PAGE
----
Monday, July 11, 2011
“poem” broadside #305: January 9: Before Kroetsch’s visit to my meteorology class, by Nicole Markotić
thank you for boosting precipitation in Alberta. I confess I have always endeavoured to write the weather into line-breaks, wind speeds as enjambment, cirrus as infernal semi-colon, today’s high as the exact moment I read The Snowbird Poems aloud and hear you perusing Jack Spicer. The space between breaks a mutual breathing.
You begin me beginning. The Chinook stretches and reaches and pulls my exhalation across the prairies. Louis and I passed beneath Manitoba last week, when we took a cross-country detour to visit Lorine Niedecker’s birthplace and home town. We started in Windsor, drove to Chicago, then through Wisconsin, up towards Saskatchewan, into Moose Jaw, and on to Alberta. At the wheel, I quoted from Alberta, citing driving records and crocus alerts and overly coddled spring gardens. I craved myself back into the prairies, your prairies, back into provinces where Schmier and the rules that don’t make logical sense, make sense.
You remind me, when you repeat “diadem” back to me, that ancient Greek does not accommodate the word blue. How to crown the poem without a pure lambent sky? Lorine Faith Niedecker lived in a small hut by the Rock River, her mother’s breath supplying the room’s temperature, and wrote, “don’t be afraid / to pour wine over cabbage.” She is buried in the same grave as her parents, her husband’s headstone a footnote beside them. On the family stone, “Neidecker” posthumously insists on e-before-I: direction is important in weathered stones.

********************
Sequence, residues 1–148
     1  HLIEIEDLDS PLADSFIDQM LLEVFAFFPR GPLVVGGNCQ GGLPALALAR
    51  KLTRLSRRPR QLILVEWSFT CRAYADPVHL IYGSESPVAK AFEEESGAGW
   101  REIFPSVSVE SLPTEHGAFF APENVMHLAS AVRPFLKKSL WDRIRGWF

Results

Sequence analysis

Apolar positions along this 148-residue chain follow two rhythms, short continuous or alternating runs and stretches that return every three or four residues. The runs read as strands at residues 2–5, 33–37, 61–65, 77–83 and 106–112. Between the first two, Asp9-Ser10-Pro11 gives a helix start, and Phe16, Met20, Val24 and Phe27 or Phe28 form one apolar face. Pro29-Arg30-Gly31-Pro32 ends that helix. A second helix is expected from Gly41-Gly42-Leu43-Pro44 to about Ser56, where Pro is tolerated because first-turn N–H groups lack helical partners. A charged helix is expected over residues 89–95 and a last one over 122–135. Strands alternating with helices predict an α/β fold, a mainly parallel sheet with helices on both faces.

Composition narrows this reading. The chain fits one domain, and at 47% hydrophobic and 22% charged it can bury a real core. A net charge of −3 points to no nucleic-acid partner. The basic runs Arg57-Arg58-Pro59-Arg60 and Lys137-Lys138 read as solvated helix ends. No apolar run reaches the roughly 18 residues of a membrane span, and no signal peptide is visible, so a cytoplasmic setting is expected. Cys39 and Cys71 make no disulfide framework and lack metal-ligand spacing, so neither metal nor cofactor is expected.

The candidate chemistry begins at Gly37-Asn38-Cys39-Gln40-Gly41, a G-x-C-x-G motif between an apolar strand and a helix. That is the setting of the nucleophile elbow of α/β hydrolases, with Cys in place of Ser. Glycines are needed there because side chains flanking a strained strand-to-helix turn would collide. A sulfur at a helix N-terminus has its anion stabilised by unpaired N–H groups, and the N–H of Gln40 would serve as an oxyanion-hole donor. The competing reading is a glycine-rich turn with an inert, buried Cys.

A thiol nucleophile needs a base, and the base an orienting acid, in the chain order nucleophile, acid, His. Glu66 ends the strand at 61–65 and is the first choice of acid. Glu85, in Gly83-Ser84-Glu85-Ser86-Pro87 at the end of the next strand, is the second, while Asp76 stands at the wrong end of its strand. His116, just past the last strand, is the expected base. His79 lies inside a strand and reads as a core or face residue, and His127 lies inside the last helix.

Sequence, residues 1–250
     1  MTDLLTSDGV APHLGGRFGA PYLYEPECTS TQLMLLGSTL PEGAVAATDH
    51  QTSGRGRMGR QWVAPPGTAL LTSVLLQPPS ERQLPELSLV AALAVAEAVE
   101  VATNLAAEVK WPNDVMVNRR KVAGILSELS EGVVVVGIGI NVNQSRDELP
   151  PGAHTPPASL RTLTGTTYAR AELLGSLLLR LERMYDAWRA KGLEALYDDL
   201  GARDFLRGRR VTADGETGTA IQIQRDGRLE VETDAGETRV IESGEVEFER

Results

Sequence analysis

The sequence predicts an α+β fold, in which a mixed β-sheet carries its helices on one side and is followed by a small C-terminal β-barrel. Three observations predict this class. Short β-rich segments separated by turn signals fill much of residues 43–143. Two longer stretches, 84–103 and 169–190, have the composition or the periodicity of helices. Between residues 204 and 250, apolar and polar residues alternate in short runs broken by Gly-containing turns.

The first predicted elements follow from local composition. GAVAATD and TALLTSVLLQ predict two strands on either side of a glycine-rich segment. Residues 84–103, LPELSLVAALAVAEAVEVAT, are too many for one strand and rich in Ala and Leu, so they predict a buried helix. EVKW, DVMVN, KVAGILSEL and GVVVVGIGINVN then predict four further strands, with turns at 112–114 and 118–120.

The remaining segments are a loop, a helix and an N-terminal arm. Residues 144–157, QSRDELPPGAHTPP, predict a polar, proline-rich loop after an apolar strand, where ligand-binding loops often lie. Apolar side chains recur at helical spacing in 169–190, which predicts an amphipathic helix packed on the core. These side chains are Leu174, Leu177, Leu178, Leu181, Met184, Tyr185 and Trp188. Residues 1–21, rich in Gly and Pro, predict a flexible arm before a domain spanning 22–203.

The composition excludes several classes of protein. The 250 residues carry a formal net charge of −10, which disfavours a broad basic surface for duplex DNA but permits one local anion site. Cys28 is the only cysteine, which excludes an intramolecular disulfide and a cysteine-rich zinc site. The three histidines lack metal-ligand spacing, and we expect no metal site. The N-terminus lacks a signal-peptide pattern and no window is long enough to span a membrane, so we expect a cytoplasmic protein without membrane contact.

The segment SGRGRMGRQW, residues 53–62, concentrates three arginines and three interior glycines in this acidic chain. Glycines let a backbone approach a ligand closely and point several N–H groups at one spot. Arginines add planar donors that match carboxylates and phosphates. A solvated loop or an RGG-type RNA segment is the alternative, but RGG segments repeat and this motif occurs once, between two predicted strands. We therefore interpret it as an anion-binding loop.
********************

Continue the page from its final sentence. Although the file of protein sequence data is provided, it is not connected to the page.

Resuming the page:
What is it about the grave, you ask, that institutes plot? I can only answer with Picasso blues and wavering humidity, with the idea of horizon flames on a crown of winter, and with snowflakes sprinkling over your head in the dead heat of a Calgary January. You lose yourself in disproportionate narrative, on purpose. And we smectite readers follow, determined to unbury the plot, unspell surnames, unpave the TransCanada, and unwrite the inclement page.
In between morning rain and afternoon hail, you noticed what I forget: pronunciation matters. And the invention of the telephone did change how we write.
January 9: Before Kroetsch’s visit to my meteorology class
by Nicole Markotić
above/ground press broadside #305
Nicole Markotić is author of two poetry books, Connect the Dots and Minotaurs & Other Alphabets, the novella Yellow Pages, and the novel Scrapbook of My Years as a Zealot. She has edited a collection of poetry by Dennis Cooley, By Word of Mouth, has worked as a freelance editor, and has edited special issues for the literary journals Open Letter and Tessera. She was poetry editor for Red Deer Press for six years and has recently joined the NeWest literary board as one of its fiction editors. She publishes a chapbook poetry series, Wrinkle Press, which includes work by Louis Cabri, Robert Kroetsch, and Nikki Reimer. She lives in Windsor, and is working on a book of poems.